The study was conducted to determine the relative resistance of Red Sokoto and Sahelian goats to experimental infection with infective larva (L3) of Haemonchus contortus. At the age of about 7-9 months weaned goats were transferred to individual feeding pens and fed concentrate at 08:00 h and given Digitaria smutsii hay ad libitum. Fifteen goats of each breed were divided into 3 groups of five animals each. Goats were either given 0 L3 kg-1 (treatment 1), 75 L3 kg-1 (treatment 2) or 100 L3 kg-1 (treatment 3), three times weekly for 3 weeks. The faecal egg count expressed in Eggs per Gram (EPG) was significantly higher (p < 0.05) for the Sahelian (1477±153.4) than the Red Sokoto (607±147.5). The PCV didn`t show any significant difference between breed however the difference between treatment was significant at p < 0.05. The average daily gain was higher for the Red Sokoto (11.2 g day-1) than the Sahelian (5.6 g day-1) even though the difference was not significant (p > 0.05). The mean total protein was statistically different between breeds. The Red Sokoto had higher (p < 0.05) than the Sahelian (64.6 ± 1.81 vs 57.6 ± 1.86). The mean albumin and globulin concentration did not differ significantly between breed. It was concluded that the Red Sokoto were relatively more resistant to Haemonchus contortus on the basis of faecal egg count, weight gains, changes in the PCV and total serum protein concentration.
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The population of goats and sheep in Nigeria has been estimated to be about 34.5 and 22.1 million, respectively (Bourn et al., 1994) and they are predominantly made up of the Red Sokoto (Maradi), West African Dwarf and the Sahelian breeds of goats (Blench, 1999; Malau-Aduli et al., 2003). In combination with sheep, small ruminants contribute 17 and 12% meat and milk consumed in sub-Saharan Africa (Lebbie, 2004). The Sahelian is large, long-legged goats mainly found in the semi-arid and arid regions of Nigeria, while the Red Sokoto is more cosmopolitan in distribution. Average flock size of small holder farmers is between 3-5 goats, (Jaitner et al., 2001; Makun et al., 2006). In West Africa traditional goat production is characterized by free roaming in the day and tethering at night or during cropping season (Ogebe et al., 2000). In many places in Nigeria and elsewhere in West Africa goats managed in traditional systems scavenge on road side forage, unimproved rangeland and are minimally supplemented with kitchen waste.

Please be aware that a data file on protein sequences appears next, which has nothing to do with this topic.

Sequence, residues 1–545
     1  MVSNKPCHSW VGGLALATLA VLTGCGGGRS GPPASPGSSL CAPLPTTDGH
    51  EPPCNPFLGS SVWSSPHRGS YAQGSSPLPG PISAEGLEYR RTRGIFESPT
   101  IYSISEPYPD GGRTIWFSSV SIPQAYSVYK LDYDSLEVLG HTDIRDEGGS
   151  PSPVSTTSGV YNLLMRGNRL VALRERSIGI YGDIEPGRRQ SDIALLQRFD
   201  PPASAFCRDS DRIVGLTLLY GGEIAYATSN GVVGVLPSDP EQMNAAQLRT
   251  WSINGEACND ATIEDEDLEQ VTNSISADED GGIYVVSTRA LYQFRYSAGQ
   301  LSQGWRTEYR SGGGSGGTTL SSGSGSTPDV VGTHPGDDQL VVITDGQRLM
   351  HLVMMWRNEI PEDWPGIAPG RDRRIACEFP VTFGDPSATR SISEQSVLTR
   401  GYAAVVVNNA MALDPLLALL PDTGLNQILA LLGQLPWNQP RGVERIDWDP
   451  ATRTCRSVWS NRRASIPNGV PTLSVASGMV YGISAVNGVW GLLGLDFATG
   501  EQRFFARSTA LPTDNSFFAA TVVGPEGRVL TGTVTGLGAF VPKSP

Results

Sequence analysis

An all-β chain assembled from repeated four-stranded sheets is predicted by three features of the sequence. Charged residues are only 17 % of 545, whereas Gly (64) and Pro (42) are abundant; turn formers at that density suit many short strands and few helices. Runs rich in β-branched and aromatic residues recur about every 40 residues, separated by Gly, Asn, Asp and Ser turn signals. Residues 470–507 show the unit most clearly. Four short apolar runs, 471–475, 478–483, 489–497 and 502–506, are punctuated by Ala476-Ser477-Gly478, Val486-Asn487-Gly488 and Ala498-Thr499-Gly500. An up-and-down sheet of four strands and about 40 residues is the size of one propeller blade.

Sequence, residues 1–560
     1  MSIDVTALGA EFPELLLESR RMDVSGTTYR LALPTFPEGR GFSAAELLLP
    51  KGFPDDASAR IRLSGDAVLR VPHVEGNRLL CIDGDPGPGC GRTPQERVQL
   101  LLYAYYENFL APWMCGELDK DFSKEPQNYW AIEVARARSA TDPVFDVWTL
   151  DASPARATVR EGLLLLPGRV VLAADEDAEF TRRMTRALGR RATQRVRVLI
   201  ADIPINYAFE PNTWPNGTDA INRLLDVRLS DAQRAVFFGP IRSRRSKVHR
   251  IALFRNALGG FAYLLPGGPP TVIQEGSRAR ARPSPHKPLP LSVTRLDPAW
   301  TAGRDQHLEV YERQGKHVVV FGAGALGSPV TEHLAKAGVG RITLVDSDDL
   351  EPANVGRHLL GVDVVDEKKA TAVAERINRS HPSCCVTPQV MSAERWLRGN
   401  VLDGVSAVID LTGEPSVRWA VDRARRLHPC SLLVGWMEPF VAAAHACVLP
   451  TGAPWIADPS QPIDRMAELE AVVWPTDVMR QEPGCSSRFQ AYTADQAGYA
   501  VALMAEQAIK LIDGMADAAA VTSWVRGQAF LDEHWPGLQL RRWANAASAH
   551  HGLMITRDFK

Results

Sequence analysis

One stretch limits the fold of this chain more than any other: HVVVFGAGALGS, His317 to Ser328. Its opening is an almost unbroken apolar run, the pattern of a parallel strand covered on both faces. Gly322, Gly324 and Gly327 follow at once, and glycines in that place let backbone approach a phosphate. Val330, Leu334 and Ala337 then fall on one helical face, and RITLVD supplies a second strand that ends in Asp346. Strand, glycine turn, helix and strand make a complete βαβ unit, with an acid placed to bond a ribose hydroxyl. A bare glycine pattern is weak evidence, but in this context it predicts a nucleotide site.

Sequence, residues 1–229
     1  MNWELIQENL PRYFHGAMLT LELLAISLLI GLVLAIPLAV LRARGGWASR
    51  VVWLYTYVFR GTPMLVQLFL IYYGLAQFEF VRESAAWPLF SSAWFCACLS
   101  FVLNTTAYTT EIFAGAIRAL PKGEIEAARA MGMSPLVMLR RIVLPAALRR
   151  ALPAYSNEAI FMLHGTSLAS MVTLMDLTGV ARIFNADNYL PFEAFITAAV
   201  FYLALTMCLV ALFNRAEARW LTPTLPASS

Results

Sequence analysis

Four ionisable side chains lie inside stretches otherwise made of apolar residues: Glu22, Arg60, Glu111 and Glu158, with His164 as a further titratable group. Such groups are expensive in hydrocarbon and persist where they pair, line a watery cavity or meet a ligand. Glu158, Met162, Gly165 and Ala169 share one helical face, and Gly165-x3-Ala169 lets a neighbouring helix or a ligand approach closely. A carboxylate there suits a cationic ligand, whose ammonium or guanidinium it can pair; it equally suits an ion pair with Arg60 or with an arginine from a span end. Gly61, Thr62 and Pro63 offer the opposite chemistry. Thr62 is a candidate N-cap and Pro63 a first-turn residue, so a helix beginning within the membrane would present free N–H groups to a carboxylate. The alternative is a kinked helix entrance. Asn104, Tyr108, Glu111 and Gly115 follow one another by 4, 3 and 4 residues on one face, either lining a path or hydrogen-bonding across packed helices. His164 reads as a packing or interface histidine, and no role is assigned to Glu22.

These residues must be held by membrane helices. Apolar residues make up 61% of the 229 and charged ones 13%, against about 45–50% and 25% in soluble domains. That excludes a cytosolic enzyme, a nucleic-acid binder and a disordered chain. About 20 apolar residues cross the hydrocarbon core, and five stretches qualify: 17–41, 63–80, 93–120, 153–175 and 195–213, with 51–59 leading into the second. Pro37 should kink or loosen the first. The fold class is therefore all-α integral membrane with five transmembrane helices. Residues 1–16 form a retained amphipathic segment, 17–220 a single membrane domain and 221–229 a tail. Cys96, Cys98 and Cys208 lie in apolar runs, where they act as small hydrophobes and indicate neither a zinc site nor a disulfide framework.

The most common diseases affecting the productivity of goats are pneumonia and helminthiasis, with Haemonchus contortus as the most prevalent genus encountered in the field (Fakae et al., 1999; Nwosu et al., 1996). Helminthosis in small ruminants and goats in particular, is of considerable importance because it affects production through losses due to mortality and reduced weight gain (Tembely et al., 1996). In Nigeria the losses due to helminthosis was estimated at 14 million Naira (N) annually, at a time in the 1970 and early 1980s when goats and sheep were sold at N6 and N4 per head respectively (Okon, 1998). There is therefore a need to obtain the current economic significance of the disease since the price of sheep and goats has now risen by 1000%.
The most important nematodes responsible for economic losses in Nigeria include species of Haemonchus, Bunostomum, Cooperia, Gaigeria,Oesophagostomum, Trichostrongylus and Trichuris. Amongst these nematodes, Haemonchus contortus has the highest prevalence (Ikeme, 1997). Previously helminth control involved the use of anthelmintics and pasture rotation to minimize the devastating effect of the parasite. In recent times, resistance and consumer concern for drug residue is influencing alternative strategies to control these parasites (Athanasiadou et al., 2008; Ogeda-Robertas et al., 2008; Chandrawathani et al., 2003; Emery et al., 2000; Borgsteede et al., 1998).